The group was welcomed by Dr. Randy Fish, Engineering Department Chair and Professor of Engineering, who also spoke briefly on Messiah’s Collaboratory for Strategic Partnerships and Applied Research.

The first presentation was by Dr. Nathaniel E Hager, III; Research Scientist in the Physics & Engineering Dept. of Elizabethtown College. Dr. Hager uses ultrafast pulse Time-Domain-Reflectometry (TDR) to assess the cure of concrete and cementitious materials.

Dr. Aldo Morales, Co-Director of the Center for Signal Integrity at Penn State Harrisburg, spoke on the Center’s activities. “Signal integrity is the engineering field that analyzes high-speed electrical interconnects with the overall goal of improving the design, reliability, and performance of digital systems.” Karthik Balasubramanian, a graduate student in electrical engineering also presented on signal integrity and high speed interconnects.

Mike Zummo, Biodiesel Project Manager and 2006 mechanical engineering graduate at Messiah College reflected on the years that Messiah has been involved in biodiesel, both here and overseas. A small scale production biodiesel facility has been constructed and in September 2008 the U.S. Department of Energy awarded the Collaboratory a USDOE grant for nearly $500,000 for research and refining of the production process.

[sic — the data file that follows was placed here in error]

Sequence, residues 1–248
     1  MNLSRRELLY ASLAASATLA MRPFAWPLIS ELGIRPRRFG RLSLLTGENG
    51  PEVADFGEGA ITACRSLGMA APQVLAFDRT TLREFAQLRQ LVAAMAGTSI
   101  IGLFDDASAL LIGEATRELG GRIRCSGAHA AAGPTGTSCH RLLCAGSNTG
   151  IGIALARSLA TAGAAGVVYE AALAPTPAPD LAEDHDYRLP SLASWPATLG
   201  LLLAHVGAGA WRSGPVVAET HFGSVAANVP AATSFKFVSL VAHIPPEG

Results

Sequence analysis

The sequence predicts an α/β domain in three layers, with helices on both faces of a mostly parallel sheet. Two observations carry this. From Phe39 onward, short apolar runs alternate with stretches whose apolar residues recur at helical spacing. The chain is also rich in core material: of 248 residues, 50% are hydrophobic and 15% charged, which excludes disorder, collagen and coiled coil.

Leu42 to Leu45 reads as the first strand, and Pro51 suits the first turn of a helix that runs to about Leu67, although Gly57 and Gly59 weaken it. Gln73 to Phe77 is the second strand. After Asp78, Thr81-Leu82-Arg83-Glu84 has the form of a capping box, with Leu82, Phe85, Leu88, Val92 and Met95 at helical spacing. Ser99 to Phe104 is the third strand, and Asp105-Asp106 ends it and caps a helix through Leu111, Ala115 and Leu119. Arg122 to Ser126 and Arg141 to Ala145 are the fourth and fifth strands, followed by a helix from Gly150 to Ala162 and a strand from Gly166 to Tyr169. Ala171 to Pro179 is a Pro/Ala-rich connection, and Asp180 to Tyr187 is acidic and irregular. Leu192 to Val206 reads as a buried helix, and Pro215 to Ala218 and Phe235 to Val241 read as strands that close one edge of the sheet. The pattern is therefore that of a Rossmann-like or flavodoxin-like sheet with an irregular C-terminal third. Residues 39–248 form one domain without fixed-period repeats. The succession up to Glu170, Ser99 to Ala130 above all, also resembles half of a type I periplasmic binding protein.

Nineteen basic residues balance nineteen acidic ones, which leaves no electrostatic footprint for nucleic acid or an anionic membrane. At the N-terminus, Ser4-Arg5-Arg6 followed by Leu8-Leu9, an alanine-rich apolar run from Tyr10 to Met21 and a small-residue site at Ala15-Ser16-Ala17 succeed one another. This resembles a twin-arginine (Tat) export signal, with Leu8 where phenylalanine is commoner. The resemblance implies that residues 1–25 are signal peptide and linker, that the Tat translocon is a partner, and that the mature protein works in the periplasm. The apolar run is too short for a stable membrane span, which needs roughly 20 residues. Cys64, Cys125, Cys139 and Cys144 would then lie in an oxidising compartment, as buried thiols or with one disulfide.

Dr. Harold Underwood, Associate Professor of Engineering, specializes in circuits, electromagnetics, linear systems, antennas and wireless communication systems, and RF/microwave applications. He has been working in partnership with The SymBionyx Foundation on an assistive technology for Asperger Syndrome clients, known as Wireless Enabled Remote Co-presenceTM (WERC).

Posted by Malcolm Furman, Faculty Liaison at ITN

What You Need to Start a Virtual Commercialization Hub

Posted November 23rd, 2010 by admin

During last week’s national call hosted by Technology Transfer Tactics, we were given the opportunity to share details on ITN’s business model. It’s a unique structure as a virtual commercialization office for a dozen small colleges and universities, and over our five-year lifespan we’ve learned many lessons. While our growth is still a work-in-progress, I’ll share three major points for groups looking to harness academic talent that is spread across multiple institutions.

Identify Key Economic Development Players- find the economic development and funding organizations in your region who see the long term value of connecting faculty and business and get their commitment. You need people willing to go to bat for the organization. ITN could not have launched without the support of economic development groups from Lancaster and Harrisburg, as well as the  PA Department of Community and Economic Development, Penn State Harrisburg, and Ben Franklin Technology Partners/CNP. These early leaders “got it” and were willing to put their money-where-their-mouth-is, by putting in sponsorship dollars, funding staff, giving us space and equipment, and providing access and support from their own staff. These leaders give you the credibility you need in the early days, before you have any real deliverables to showcase.